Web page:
The risk she took in escaping her husband had been enough that – nothing mattered more than a quality of life for her children.
She couldn’t let my mother have a pet for fear that in turn the family may have to consume smaller portions at dinner or wear shoes longer than the soles could hold. That’s what I know about my grandmother by time spent together, not by her stuff.
I know that this dog meant she wanted every happiness for her children and in that truth she compromised, as we all do for love.
So when my mother asks if there’s anything I want when she finally “rejoins her Heavenly Father,” I look around the room for the first time realizing this stuff belongs to my parents. MY parents, and I ask myself if I will be able to siphon it all to relatives and thrift stores and walk away without regret?
I took two things I knew even the coldest me couldn’t let go of. The first are a series of Love Is magnets that I have rearranged on refrigerators in 2 countries and at least 3 different states in the 31 years I’ve been alive and the 31.5 years my parents have been married and possessed them.
They were always on the fridge within a couple of hours of moving into a new place because my mom unpacked the kitchen first to feed her fussy fledglings. I would read and rearrange the magnets over and over, pinching them with chip clips and biting into their rubbery surfaces. Later I would hope for love that reliable. Those magnets always made anywhere feel like home.
And then, of course, I took that weird ass dog. The one that has stared me down, thumb in mouth, twirling hair, wanting the dusty warmth of my mother’s baby powder scented hug when I was scared in the middle of the night. That dog watched me, even possibly judged me, for sneaking out, blacking out, getting kicked out. That dog has never said a word to anyone about anything but when I look at its glossy resin eyes I know it has seen every single one of my family’s secrets becoming secrets in real time.
It has seen me at every sick and weeping age, watched my mother wrap Christmas presents and my father cry.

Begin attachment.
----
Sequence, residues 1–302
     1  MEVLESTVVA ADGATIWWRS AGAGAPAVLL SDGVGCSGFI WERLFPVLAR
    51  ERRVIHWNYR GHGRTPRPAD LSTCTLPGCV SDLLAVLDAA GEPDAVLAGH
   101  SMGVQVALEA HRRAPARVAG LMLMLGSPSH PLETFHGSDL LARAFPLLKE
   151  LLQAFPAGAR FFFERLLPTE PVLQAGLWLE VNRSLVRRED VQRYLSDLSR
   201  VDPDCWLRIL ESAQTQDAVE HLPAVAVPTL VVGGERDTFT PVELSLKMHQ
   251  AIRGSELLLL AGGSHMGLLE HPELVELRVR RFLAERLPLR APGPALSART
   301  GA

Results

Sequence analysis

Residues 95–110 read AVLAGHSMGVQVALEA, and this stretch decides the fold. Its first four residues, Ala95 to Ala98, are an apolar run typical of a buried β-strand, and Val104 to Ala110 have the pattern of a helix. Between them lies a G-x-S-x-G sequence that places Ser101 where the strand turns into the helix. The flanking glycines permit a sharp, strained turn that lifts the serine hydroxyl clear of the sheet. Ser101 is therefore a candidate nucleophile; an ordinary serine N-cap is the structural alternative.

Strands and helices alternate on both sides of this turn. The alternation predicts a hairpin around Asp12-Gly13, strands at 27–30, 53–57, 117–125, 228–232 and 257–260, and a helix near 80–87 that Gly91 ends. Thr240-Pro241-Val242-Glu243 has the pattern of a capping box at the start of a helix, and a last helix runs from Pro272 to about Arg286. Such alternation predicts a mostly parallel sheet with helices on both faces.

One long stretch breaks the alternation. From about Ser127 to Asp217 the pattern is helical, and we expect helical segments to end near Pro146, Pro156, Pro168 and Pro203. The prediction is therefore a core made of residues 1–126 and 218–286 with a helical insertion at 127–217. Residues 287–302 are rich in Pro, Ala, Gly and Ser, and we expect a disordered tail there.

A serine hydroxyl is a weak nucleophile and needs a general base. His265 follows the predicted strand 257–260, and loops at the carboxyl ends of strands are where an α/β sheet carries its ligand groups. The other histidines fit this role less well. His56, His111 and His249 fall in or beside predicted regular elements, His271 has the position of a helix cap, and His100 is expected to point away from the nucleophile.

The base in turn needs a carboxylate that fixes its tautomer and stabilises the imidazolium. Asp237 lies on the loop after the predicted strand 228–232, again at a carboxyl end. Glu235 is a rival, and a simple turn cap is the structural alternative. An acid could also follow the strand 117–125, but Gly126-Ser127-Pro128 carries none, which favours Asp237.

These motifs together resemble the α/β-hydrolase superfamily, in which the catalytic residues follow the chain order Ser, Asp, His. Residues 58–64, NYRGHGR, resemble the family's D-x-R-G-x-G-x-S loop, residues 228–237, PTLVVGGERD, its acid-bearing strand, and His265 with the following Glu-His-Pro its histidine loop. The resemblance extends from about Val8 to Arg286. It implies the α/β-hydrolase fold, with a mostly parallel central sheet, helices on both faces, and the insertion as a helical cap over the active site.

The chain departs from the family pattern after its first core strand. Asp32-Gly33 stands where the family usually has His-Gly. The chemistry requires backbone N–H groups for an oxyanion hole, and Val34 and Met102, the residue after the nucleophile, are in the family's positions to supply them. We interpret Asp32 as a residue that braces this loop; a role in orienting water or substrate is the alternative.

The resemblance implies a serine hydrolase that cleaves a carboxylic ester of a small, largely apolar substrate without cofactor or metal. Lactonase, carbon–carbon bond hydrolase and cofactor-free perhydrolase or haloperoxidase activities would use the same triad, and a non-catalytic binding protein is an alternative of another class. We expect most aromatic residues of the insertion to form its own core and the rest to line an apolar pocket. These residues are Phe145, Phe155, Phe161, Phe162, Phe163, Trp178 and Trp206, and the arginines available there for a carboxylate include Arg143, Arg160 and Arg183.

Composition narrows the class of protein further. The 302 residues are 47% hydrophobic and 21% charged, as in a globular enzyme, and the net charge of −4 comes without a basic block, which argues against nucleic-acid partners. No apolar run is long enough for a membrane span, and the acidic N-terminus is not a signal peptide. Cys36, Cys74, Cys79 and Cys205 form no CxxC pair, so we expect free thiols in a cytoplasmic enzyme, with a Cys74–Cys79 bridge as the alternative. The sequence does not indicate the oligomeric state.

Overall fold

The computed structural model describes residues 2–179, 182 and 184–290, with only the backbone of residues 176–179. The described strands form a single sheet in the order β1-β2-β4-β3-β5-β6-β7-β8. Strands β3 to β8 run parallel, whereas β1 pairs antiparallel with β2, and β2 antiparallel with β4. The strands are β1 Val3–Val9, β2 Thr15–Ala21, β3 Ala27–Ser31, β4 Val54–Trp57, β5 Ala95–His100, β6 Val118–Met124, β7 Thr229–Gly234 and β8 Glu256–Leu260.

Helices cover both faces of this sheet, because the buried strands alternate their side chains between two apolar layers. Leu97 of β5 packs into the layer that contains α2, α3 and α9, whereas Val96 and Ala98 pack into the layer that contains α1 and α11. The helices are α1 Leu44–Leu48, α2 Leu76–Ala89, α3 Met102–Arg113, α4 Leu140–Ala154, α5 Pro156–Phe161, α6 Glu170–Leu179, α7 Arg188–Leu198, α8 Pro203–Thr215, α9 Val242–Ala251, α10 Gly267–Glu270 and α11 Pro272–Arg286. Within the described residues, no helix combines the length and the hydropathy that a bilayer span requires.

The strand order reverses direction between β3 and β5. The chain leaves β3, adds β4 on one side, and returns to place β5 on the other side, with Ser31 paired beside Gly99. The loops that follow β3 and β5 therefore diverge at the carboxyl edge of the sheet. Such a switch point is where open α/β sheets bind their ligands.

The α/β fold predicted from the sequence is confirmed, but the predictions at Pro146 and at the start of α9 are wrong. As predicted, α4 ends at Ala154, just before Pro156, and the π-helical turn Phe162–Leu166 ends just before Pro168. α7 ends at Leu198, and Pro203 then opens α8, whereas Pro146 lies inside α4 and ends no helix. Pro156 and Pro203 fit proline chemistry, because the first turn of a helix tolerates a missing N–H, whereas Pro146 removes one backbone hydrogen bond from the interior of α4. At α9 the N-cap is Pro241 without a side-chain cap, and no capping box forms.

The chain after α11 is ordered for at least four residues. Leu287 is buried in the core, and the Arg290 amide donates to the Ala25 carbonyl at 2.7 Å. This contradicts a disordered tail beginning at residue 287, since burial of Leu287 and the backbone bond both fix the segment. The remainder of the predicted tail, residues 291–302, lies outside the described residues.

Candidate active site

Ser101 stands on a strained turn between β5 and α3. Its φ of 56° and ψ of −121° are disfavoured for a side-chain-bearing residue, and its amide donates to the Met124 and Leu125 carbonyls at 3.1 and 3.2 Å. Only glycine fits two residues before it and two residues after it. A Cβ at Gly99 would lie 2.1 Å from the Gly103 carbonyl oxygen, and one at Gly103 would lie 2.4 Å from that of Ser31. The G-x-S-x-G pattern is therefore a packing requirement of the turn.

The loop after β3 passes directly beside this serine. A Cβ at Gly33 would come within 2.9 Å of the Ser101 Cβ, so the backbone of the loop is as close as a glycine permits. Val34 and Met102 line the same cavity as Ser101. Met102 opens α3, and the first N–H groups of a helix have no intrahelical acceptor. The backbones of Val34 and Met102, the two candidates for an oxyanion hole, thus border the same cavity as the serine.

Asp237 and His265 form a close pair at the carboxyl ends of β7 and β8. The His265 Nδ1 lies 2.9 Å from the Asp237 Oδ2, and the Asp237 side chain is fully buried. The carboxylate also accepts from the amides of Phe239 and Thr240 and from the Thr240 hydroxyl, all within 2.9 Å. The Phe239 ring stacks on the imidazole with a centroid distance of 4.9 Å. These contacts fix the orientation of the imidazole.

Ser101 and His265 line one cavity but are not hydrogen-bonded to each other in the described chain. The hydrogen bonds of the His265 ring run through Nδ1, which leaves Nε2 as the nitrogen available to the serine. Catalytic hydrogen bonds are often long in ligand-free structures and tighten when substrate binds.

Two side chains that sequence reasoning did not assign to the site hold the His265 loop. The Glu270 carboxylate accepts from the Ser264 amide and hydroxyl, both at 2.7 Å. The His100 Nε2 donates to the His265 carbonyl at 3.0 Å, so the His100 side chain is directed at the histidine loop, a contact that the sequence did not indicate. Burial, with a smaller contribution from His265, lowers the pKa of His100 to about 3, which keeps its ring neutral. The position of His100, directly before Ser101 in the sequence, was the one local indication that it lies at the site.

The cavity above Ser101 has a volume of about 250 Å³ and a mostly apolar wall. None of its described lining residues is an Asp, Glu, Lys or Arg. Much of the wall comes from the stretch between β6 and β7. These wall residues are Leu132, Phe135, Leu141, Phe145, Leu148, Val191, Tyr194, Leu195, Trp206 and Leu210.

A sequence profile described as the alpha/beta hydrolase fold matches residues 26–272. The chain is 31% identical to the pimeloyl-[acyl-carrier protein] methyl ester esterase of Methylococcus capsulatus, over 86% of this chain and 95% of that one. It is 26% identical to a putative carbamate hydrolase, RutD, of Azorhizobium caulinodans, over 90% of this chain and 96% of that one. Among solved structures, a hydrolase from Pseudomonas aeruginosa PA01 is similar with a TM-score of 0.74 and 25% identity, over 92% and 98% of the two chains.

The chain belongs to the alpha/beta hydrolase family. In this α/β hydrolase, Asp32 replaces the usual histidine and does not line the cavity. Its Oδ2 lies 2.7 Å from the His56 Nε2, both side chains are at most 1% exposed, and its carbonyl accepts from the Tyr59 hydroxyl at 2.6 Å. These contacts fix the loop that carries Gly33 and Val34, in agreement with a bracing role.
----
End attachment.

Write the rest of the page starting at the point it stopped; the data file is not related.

It has witnessed every hushed fight and that one time when I was 15 and I put the barrel of a .45 in my mouth and pulled the trigger but the chamber was empty.
If it weren’t residing in my peripheral sentimentality, it would probably be purchased ironically as a white elephant gift from a thrift store clearance isle.
I know for a fact this dog has been licked by my parents first grandchild, my beloved niece, because I watched and laughed and let it happen, doing nothing to stop it.
I have never played with this dog like a toy nor did I ever find myself being sentimental about its existence like I did about my paternal grandmother’s dining room table – where I would sit with her and drink orange juice while putting together puzzles; or my maternal grandmothers wildly patterned button-down collared shirts. I don’t feel much of anything except a wincing reminder of all the times I would seek comfort or try to sneak a peek at my birthday presents or chase a sibling down the hall, cornering them in my parents’ room and inevitably kick this dog and shatter my present moment.
But as I age I realize that the rest of the world doesn’t acknowledge nightmares either. The hell you’re going through is no different than anyone else’s nor important to a large majority of the population. We’re all walking around willing prisoners of our own minds, trying to make sense of it all and leave something behind. Leave any semblance of proof of our existence. Some people do this by having children. Others build pyramids or monuments or write books. Some people are builders and makers and others consumers and patrons. Some people are monsters, remembered solely for the impact of their atrocities but they are nonetheless, remembered.
This door-stopping dog will never be able to tell the tale of who I was. It will not open its mouth at my funeral and recall all the precious, uncelebrated, unseen moments of my life. It will not tell you that my parents did their best, as did my grandparents, as do I. It will not be able to attest to our struggle or success, nor praise every moment we rose above. It can’t encourage you to see me without judgment or project the entirety of my human experience onto a silver screen so you can fully understand who I am.
But it did create this story in all its dull, unimpressive existence – it has affected my life.
It reminds me that I can console myself. That I do have people who love me, people who made every effort to ensure my safety and happiness whether they succeeded or not. It reminds me my grandmother defied societies hushed judgements because she knew she deserved better. It reminds me I come from enduring and faithful stock.
I don’t want it sitting around my apartment forever with its eerie glare and noncommittal stance but I can’t imagine not having it because when your toes are bruised you’re aware of every step you take – and I can’t imagine a life more purposeful than that.